1. ## heap sort problem

I'm trying to sort an array of numbers with heap sort, but it's not sorting the first number in the array.
Here is my code:
Code:
```#include <iostream>
using namespace std;

int BuildMaxHeap(int array1[], int n);
int MaxHeapify(int array1[], int i, int n);
int Heapsort(int array1[], int n);

int main()
{
int array1[11] = {11, 2, 4, 6, 8, 0, 1, 3, 5, 7, 9};

Heapsort(array1, 10);

for (int z = 0; z < 11 ; z++)
{
cout << array1[z] << " ";
}
cout << endl;

return 0;
}
int MaxHeapify(int array1[], int i, int n)
{
int c=0;
int l = i << 1;					++c;
int r = (i << 1) + 1;			++c;
int largest;						++c;

// Is left larger than i?
if (++c && (l <= n) && (array1[l] > array1[i]))
{
largest = l;					++c;
}
else
{
largest = i;					++c;
}

// Is right larger than largest?
if (++c && (r <= n) && (array1[r] > array1[largest]))
{
largest = r;					++c;
}

// Need swap??
if (++c && largest != i)
{
int temp = array1[i];				++c;
array1[i] = array1[largest];				++c;
array1[largest] = temp;				++c;
c += MaxHeapify(array1, largest, n);	++c;
}

return c;
}
int BuildMaxHeap(int array1[], int n)
{
int c=0;
for (int i = n / 2; ++c && i >= 1; i--)
{
c += MaxHeapify(array1, i, n);	++c;
}

return c;
}
int Heapsort(int array1[], int n)
{
int c=0;
BuildMaxHeap(array1, n);				++c;
for (int i = n; ++c && i >= 2; i--)
{
// exchange i with 1
int temp = array1[1];			++c;
array1[1] = array1[i];				++c;
array1[i] = temp;				++c;

c += MaxHeapify(array1, 1, i-1);	++c;
}
return c;
}```
I'm pretty sure the reason is because the whole sorting algorithm is made for a 1 based array (where the first position is 1, not 0). I'm pretty sure it's an easy fix, but i've been trying for a long time and can't figure it out. If I made the first position in the array a dead spot, and shifted the values one spot, this would fix the problem, but i can't figure out how.
Also, for my real program, i read the numbers in from a file ( i created the above one so it could be copied and pasted to run. The real program requires a file, and needs to be run using the command prompt, so the solution to my problem could be slightly different in each case):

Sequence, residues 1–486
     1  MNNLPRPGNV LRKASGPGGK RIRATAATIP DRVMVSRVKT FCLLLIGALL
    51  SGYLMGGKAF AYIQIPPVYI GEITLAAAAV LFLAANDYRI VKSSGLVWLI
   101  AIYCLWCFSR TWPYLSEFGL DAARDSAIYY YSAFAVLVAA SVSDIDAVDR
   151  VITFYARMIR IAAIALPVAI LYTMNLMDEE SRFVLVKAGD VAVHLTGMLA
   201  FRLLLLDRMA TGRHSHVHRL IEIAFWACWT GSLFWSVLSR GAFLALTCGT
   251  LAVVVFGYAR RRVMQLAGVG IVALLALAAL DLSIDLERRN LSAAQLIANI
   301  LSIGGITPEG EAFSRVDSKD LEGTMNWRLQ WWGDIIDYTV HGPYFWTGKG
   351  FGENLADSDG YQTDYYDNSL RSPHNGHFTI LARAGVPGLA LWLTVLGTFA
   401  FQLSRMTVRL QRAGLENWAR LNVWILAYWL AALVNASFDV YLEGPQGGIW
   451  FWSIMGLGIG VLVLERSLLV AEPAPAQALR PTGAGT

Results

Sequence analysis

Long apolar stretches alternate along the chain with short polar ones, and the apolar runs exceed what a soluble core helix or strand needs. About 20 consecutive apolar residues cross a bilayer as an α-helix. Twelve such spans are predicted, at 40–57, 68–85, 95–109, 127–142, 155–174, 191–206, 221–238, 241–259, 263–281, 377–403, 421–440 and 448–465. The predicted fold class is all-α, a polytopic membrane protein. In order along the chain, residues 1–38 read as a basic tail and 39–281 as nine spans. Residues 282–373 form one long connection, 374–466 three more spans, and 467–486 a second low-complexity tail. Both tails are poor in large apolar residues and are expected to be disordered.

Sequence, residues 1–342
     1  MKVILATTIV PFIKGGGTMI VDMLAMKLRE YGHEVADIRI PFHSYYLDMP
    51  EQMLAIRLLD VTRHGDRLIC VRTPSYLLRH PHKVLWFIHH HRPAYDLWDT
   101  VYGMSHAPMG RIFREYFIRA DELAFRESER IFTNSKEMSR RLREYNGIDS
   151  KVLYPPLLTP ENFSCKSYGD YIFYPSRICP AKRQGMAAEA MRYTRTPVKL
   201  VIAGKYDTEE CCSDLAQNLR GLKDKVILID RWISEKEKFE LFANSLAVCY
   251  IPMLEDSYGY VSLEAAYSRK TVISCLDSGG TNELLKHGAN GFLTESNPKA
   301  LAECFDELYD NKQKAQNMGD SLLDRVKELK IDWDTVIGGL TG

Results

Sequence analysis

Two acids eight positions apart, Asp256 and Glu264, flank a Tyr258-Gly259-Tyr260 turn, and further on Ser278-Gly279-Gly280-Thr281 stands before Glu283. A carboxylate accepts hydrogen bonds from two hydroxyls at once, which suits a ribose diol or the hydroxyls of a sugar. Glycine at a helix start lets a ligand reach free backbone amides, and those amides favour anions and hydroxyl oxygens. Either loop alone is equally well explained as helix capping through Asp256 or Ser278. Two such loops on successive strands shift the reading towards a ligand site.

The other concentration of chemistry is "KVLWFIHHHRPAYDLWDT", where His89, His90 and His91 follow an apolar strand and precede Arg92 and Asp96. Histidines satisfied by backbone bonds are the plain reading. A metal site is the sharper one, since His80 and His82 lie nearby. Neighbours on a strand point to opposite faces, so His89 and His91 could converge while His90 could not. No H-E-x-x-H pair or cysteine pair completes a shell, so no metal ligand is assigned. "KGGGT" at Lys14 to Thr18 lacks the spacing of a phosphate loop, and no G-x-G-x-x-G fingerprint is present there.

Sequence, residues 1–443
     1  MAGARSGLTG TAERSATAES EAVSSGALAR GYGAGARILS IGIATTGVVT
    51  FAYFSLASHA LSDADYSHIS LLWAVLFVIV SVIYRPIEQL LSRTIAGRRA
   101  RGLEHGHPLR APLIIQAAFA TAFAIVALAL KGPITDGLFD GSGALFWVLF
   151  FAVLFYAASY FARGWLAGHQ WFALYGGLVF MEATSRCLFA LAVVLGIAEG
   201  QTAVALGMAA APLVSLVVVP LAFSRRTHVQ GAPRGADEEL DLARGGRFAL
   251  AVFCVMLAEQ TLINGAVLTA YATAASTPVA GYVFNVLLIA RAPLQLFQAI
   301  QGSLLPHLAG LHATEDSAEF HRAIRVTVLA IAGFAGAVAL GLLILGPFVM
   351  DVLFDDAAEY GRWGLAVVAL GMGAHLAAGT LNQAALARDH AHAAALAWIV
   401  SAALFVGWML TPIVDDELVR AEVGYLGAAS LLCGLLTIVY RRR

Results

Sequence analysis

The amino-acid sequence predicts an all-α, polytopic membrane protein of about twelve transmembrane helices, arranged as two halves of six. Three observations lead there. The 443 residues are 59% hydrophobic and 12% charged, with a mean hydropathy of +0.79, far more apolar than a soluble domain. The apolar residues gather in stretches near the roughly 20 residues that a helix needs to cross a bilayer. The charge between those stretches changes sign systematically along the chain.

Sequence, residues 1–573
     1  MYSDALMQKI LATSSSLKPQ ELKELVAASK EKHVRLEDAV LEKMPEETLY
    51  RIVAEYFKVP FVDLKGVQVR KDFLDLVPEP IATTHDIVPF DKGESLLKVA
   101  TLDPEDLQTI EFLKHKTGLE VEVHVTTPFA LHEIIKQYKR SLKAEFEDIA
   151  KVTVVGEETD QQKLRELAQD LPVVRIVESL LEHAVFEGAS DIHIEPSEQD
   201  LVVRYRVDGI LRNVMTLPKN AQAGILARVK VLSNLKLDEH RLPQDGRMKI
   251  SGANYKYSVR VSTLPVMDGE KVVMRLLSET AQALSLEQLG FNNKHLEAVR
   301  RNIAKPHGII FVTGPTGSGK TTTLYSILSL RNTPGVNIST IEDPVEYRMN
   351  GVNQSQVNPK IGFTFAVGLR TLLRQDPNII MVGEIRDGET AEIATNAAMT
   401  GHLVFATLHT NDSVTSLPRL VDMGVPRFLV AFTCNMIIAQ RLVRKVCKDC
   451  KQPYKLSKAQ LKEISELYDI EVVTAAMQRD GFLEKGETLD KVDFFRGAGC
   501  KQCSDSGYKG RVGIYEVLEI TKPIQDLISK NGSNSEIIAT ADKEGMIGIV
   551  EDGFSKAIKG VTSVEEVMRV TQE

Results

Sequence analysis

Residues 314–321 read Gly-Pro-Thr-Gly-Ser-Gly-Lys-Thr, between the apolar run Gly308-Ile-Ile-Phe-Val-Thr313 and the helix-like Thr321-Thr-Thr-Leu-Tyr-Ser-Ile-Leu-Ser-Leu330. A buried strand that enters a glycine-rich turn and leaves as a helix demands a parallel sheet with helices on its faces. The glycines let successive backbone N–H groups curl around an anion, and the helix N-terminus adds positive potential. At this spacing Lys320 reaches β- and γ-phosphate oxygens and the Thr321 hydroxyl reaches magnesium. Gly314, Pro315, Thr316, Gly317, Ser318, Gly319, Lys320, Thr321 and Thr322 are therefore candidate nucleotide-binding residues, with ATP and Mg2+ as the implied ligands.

Code:
```int main(int argc, char* argv[])
{

int *array1 = NULL;
int size;

//First value in the file is assigned to "size".
inFile >> size;

array1 = new int[size];

//FillArray
for (int i = 0; i < size; i++)
{
inFile >> array1[i];
}

//InsertionSort(array1, size);
//Quicksort (array1, 0, size-1);
Heapsort(array1, size-1);
//MergeSort(array1, 0, size-1);
//BubbleSort(array1, size);
//ShellSort(array1, size);
PrintArray(array1, size);

delete [] array1;
array1 = NULL;
cin.get();
return 0;
}```
In this, i launch the program in the command prompt like:
Code:
`program file.txt`
and the file looks like (the first number is the number of values, and the rest are just random values):
Code:
```10
1
6
4
8
2
4
9
8
4
2```
All my other sorting algorithms work in this program except for the heap sort. Once again, i think it's because of the 0 based array problem.

Thanks.

2. The main change you need to make to make heapsort work with a zero-based array is to change the child indexing from this:
Code:
```	int l = i << 1;
int r = (i << 1) + 1;```
to this:
Code:
```	int r = (i + 1) << 1;
int l = r - 1;```
Otherwise you can't pass i=zero because i<<1 is still zero. With this change, the children of index zero become 1 and 2 - just what you want.
You then have to change this line:
Code:
`	c += MaxHeapify(array1, 1, i-1);`
to this:
Code:
`	c += MaxHeapify(array1, 0, i-1);`
and also adjust the start and end values of your decrementing for loops but one. There might be more you need to change, but you can probably figure the rest out on your own.

Oh I see you have used recursion in MaxHeapify! You definitely shouldn't do that. Yes it will work, but one noted advantage of heapsort is that it is one of the algorithms that doesn't require anything more than constant space, and your implementation uses log(n) stack space.

I also strongly suggest you make the function interfaces consistent. You should never have to pass in 'size' to some algorithms and 'size-1' to others. This parameter should always be the number of items to sort. If you have to, subtract 1 inside the start of the sorting function.

Since you seem to be interested in a number of sorting algorithms, you may want to have a look at my webpage, which contains the implementations of at least 60 array sorting algorithms, all in C++.

3. That fixed it.
Thanks.